Why aging is so different among various cultures?

In western societies, we were taught from a young age to respect our elders. We are usually conditioned to give up our seats on buses, trains and benches in shopping centres to the elderly. Discounts on bus fees, haircuts, cinemas and gym membership are made affordable them as their pension cannot cover the average fees, as those from higher class backgrounds and active members of society can. We were discouraged from using inappropriate language, such as profanity,  languages of sexual nature or languages which reflects on ageism at their personal space as we do around children. We would see old people as lovely and wonderful people who say “hello” to people as they walk past.

However, as time moves on and things start to change, some people begin to show a lack of respect towards old people. Nowadays, the elderly are targeted for fraud, mugging, burglary and harassment. Newspaper articles are plastered with photos of old people covered in black eyes and bruises, having been mugged and attacked by young people. Even stories and news reports features them becoming victims of white-collar crimes to serious and disturbing crimes, such as rape, sexual assault and even murder. The elderly are now being perceived as “feeble and vulnerable” burdens to society (BBC News). Stories reveal that old people are now on the receiving end of  medical treatment, treated disrespectfully and neglected in hospitals and care homes. There are subconscious common belief that  young people do not show any respect towards old people and now rarely, people do not even make an attempt to give up their seats for the elderly and even pregnant women in buses and trains.

Old age is seen as historical and cultural and construction of a natural phenomenon. There are few positive views on ageing, as it’s inevitable and it’s a life process, they are seen as the “masters” of knowledge, they live in a centuries where well-known historical events happen such as World War, The Holocaust and the Racial Segregation in the 1940s. In the negative perspective, they are perceived to be a problem to society and an economic burden in the healthcare and social security sectors. They are dependent on other people, such as their caregivers, adult children and members from health and social services. They are already be deprived of their independence because of their physical health, particularly limited mobility. They often live alone, either widowed, separated or suffering from empty nest syndrome, a feeling of emptiness when their children grown up and flew the nest.

In African societies, old people are often treated with respect and dignity and seen as superior to the young generation. Unfortunately, old people make up the growing population of people living in poverty in areas that economically deprived and underdeveloped according to BBC News.  They are much more vulnerable than children to contact any illness such as, malaria, fever and HIV and AIDS. They start to play roles as caregivers to their ill stricken adult children and orphaned grandchildren. In India and China, old people live in extended and reconstituted families with their married children and grandchildren. There are some explanations why old people are knowledgeable because they have vast load of life experiences, than the young and middle age people. Some of them spend their retirement going on cruises, take up a new hobby or even go travelling or attempt to write a great novel.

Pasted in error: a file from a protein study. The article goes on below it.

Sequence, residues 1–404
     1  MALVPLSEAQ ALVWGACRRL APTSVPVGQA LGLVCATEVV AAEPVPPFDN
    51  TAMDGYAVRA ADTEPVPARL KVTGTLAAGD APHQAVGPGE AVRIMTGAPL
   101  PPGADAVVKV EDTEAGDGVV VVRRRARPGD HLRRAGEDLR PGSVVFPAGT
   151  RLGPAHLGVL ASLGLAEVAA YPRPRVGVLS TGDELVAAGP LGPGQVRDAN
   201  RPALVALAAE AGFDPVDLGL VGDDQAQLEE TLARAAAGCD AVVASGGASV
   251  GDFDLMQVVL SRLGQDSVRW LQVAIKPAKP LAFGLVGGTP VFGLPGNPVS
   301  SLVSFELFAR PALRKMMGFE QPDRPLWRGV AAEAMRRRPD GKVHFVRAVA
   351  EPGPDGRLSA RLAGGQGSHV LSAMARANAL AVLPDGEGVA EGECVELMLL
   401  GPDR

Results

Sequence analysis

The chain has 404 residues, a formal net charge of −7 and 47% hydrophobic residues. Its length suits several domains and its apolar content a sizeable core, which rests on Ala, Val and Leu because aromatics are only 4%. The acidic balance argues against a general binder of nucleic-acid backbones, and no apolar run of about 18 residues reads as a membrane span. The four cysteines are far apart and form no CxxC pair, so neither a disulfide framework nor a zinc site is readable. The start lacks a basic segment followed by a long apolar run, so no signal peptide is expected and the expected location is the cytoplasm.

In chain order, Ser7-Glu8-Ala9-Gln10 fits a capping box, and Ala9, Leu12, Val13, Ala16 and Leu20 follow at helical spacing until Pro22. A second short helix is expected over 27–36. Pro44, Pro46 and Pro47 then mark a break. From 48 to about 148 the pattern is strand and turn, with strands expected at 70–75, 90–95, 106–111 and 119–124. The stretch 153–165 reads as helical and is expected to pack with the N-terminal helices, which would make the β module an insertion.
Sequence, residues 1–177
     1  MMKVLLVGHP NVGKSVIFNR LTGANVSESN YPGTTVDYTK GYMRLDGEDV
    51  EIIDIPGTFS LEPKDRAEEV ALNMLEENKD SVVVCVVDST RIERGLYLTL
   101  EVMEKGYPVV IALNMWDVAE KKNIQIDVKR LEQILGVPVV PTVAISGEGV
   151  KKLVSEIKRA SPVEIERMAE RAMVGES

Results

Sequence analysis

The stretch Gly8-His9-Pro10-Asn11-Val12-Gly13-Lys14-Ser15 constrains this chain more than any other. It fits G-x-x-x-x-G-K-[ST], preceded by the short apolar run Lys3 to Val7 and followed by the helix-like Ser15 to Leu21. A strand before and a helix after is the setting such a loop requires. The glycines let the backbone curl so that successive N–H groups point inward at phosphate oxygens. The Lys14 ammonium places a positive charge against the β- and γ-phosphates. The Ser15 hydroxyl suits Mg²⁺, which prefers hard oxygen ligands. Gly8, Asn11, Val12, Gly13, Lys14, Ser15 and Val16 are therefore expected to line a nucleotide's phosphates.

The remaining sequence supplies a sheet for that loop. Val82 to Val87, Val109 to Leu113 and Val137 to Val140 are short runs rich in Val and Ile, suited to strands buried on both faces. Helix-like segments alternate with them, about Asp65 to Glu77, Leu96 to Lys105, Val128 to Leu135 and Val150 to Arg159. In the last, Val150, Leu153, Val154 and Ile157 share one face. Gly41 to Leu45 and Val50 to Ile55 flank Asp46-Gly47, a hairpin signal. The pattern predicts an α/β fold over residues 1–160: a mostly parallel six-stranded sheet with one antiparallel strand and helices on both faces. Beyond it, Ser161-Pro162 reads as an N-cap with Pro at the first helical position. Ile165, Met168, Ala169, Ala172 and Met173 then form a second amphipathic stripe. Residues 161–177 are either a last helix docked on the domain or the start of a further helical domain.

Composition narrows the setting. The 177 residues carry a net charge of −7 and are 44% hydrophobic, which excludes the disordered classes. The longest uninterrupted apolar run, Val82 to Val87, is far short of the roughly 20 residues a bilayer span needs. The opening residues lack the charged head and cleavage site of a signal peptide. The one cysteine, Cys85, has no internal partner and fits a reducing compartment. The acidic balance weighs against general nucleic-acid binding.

Society stereotypically views the elderly as grumpy with have no sense of humour, whilst some of them are happy to tell stories and make jokes in a way to cope with negative burdens in which old age may bring.  They are well-mannered and seen as senior citizens and do not tolerate offensive language. Their upbringings and education and experiences have made them matured and carry a huge bag of  wisdom, eager to donate to the younger generation as they witnessed various historical events. Thus old age should be seen as a burden nor as a root of envy. Most of all, should be seen as an inevitable process, which may bring a series of emotions which are seen in other life changes.

In America, older people are spoiled by luxuries since social security facilities were started in 1935. The life expectancy in america has increased to 77 years. They are taking advantage of good quality healthcare and prescription drugs. Some of them are wealthy with an income worth $100,000. In Argentina, the elderly are mistreated economically and socially and often neglected. They make up just under 12% of the population. Some of them receive old age pension whilst more than 1.5 million have no insurance and live in the line of poverty.  In Abkhazistan, a suburb in southern Russia, 1 in 4000 live beyond 100 years old and make up the population of old people living longer. They do not have worries about ageing as us, Britons and secondly, they work beyond the retirement age, working in fields, where they take care of the flocks of sheep and look after their great-grandchildren.

In Britain and western societies, old age is seen as a problem economically and physically.  However in other societies, the elderly are seen as powerful and superior by knowledge and wisdom, such as Japan, where they continue to work enabling them to gain prestige, wealth, power and status. Old people have more life experiences than the younger generation because they grew up in poverty, severe hardships where facilities were not available, witnessed historical unforgettable events, that provided them with valuable lessons and provision of a rich dose of wisdom and resiliency. During their time they never had economic rewards like we have now, such as technology, sanitation, better education and improved healthcare and medical facilities ,which we take for granted.

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